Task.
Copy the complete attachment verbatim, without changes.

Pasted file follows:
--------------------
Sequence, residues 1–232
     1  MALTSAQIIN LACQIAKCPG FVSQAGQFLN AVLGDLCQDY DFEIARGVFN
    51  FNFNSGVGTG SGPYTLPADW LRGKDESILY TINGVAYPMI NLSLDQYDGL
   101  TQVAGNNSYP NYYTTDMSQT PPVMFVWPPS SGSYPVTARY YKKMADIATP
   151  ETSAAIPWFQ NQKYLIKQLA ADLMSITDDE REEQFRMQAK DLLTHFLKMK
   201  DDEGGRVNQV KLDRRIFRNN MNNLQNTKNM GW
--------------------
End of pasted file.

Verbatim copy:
Sequence, residues 1–232
     1  MALTSAQIIN LACQIAKCPG FVSQAGQFLN AVLGDLCQDY DFEIARGVFN
    51  FNFNSGVGTG SGPYTLPADW LRGKDESILY TINGVAYPMI NLSLDQYDGL
   101  TQVAGNNSYP NYYTTDMSQT PPVMFVWPPS SGSYPVTARY YKKMADIATP
   151  ETSAAIPWFQ NQKYLIKQLA ADLMSITDDE REEQFRMQAK DLLTHFLKMK
   201  DDEGGRVNQV KLDRRIFRNN MNNLQNTKNM GW